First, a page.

Martin Lewis (American, 1881–1962) is recognized as a devoted Realist who employed his consummate skills in painting and printmaking to depict the everyday life of rural Connecticut and New York. His detailed illustrations of the countryside and cityscapes are internationally renowned. The son of a mining engineer, Lewis was born in Castlemaine, Australia, where he developed a flair for drawing at an early age. He studied at the James Ashton Art School in Sydney from 1898 to 1900. While studying, Lewis did a number of illustrations for local newspapers. One of his contemporaries in Sydney's art society was the famous artist Julian Rossi Ashton (Australian, 1851–1942).
In 1900, Lewis relocated to San Francisco, where he produced political posters and banners for William McKinley's presidential campaign. He later settled in New York, NY, as a commercial illustrator. He became renowned for his Realist approach to depicting the energy and dynamism of New York City's urban life. Most of his paintings demonstrate an aesthetic combination of Impressionism and Tonalism.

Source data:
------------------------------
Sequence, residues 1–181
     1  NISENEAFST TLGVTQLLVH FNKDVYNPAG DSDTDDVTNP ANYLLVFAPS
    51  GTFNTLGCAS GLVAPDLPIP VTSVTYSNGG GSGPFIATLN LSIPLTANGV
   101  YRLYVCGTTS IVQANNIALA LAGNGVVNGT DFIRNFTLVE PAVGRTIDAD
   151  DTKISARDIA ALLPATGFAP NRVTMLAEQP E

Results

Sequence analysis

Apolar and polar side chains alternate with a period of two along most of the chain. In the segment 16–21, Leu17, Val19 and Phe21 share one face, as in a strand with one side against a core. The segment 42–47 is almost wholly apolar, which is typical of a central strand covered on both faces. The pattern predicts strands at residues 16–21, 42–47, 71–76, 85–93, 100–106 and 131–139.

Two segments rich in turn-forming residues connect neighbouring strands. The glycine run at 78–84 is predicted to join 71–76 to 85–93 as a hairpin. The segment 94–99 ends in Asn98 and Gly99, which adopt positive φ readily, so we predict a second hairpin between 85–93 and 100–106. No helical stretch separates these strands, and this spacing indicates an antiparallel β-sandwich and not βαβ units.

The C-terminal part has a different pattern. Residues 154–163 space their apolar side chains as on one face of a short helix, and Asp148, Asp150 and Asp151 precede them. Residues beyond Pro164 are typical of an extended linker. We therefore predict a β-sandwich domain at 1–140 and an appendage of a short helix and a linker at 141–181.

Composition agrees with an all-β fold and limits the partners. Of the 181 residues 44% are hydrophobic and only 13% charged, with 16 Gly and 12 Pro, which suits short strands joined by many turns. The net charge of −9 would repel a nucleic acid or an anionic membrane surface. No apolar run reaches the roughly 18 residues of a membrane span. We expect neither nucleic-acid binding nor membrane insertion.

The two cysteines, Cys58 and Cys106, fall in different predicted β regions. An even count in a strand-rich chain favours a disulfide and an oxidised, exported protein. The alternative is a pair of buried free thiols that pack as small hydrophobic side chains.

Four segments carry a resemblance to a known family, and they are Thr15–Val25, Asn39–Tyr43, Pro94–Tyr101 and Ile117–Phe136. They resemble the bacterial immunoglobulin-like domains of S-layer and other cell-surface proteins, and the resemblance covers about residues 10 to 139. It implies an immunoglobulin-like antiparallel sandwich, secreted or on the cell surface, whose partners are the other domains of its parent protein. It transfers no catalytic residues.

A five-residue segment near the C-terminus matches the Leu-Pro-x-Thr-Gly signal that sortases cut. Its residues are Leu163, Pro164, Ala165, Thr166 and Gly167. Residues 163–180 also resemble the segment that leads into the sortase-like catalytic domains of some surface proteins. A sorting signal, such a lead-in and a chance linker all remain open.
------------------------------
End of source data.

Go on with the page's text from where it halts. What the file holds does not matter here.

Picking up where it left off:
Lewis was inspired to take up printmaking after a visit to England and Wales, where he encountered the graphic works of leading European artists. He took up printmaking in 1915 and spent three years in Japan, where he studied Oriental prints and the use of oils to portray different aspects of time and weather. His oils were well received in New York, but he chose to concentrate on printmaking with a major focus on urban lifestyles, streets, and architecture.
Lewis’s works were exhibited in a number of group shows such as the Print Club of Cleveland, the Chicago Society of Etchers, and the Kennedy Galleries in New York. By the late 1930s, the artist had become an icon of the American graphic art tradition. His famous works include Shadow Dance, which was sold in 2010 for US$50,400 at an auction in New York and The American Scene, which was exhibited at the British Museum in London. Lewis died in February 1962. His work continues to be displayed in major public collections such as the Art Institute of Chicago, IL, the Metropolitan Museum of Art, New York, NY, and the Corcoran Gallery of Art in Washington, D.C.